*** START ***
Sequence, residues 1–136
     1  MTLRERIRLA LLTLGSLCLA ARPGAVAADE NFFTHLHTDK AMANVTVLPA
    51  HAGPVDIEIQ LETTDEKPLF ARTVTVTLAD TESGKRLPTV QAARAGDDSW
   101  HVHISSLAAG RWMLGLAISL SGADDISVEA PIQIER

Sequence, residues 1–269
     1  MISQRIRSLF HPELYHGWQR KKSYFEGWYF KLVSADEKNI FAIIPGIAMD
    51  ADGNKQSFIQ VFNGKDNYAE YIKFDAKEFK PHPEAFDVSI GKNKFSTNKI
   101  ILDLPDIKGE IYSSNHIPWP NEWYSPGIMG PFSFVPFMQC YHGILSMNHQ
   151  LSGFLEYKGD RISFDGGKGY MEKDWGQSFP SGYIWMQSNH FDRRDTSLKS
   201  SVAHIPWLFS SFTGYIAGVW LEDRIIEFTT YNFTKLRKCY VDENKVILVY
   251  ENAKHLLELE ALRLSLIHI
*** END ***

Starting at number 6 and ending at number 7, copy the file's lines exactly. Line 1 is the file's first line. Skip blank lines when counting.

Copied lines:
     1  MISQRIRSLF HPELYHGWQR KKSYFEGWYF KLVSADEKNI FAIIPGIAMD
    51  ADGNKQSFIQ VFNGKDNYAE YIKFDAKEFK PHPEAFDVSI GKNKFSTNKI